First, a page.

Current Affairs 26th September 2018
Central Zonal CouncilThe 21st Central Zonal Council meeting was held in Lucknow and was chaired by Union Home Minister Rajnath Singh.
The Council discussed various issues including road transport, Pradhanmantri Gramin Sadak Yojna, measures to tackle Naxal violence, modernization of Police, infrastructure development of airports, minimum support price, National health mission and issues related to primary schools.
What are zonal councils?
Zonal councils have been established by the Parliament to promote interstate cooperation and coordination. They are statutory bodies established under the States Reorganisation Act 1956 and not constitutional bodies. They are only deliberative and advisory bodies.
There are 5 five Zonal councils namely:
The Northern Zonal Council, comprising the States of Haryana, Himachal Pradesh, Jammu & Kashmir, Punjab, Rajasthan, National Capital Territory of Delhi and Union Territory of Chandigarh.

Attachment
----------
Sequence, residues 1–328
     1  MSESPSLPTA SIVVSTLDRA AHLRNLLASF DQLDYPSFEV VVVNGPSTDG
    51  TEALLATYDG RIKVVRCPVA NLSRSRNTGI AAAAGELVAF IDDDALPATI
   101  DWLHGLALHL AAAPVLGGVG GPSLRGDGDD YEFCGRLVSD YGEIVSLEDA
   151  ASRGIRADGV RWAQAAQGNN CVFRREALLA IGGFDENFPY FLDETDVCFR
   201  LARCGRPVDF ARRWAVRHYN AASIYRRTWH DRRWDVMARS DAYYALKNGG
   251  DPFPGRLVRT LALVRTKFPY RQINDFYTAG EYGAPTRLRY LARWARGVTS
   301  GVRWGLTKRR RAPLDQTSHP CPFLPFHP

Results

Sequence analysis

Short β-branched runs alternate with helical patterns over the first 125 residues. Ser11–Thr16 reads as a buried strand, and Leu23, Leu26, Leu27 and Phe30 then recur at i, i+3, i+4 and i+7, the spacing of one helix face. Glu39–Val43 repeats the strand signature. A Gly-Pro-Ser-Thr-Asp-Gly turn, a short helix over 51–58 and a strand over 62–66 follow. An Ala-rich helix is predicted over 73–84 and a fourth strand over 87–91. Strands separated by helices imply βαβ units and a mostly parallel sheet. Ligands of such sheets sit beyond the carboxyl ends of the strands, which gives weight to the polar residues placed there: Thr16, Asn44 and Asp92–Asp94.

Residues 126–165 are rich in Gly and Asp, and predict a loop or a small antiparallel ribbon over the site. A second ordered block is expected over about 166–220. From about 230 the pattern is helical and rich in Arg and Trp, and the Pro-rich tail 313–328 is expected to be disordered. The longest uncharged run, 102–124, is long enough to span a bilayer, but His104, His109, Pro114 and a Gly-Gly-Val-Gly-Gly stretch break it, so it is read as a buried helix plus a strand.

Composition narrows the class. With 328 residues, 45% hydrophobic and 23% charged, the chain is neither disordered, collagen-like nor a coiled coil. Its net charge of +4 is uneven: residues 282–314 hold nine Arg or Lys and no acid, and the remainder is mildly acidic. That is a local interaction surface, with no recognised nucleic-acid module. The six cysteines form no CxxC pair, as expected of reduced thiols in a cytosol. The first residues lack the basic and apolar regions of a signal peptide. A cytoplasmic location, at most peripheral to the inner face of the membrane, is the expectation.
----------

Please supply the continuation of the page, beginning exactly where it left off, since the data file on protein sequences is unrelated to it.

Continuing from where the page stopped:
The Central Zonal Council, comprising the States of Chhattisgarh, Uttarakhand, Uttar Pradesh and Madhya Pradesh.
The Eastern Zonal Council, comprising the States of Bihar, Jharkhand, Orissa, and West Bengal.
The Western Zonal Council, comprising the States of Goa, Gujarat, Maharashtra and the Union Territories of Daman & Diu and Dadra & Nagar Haveli.
The Southern Zonal Council is composed of Andhra Pradesh, Karnataka, Kerala, Tamil Nadu, Telangana and the Union Territory of Puducherry.
Chairman – The Union Home Minister is the Chairman of each of these Councils.
Vice Chairman – The Chief Ministers of the States included in each zone act as Vice-Chairman of the Zonal Council for that zone by rotation, each holding office for a period of one year at a time.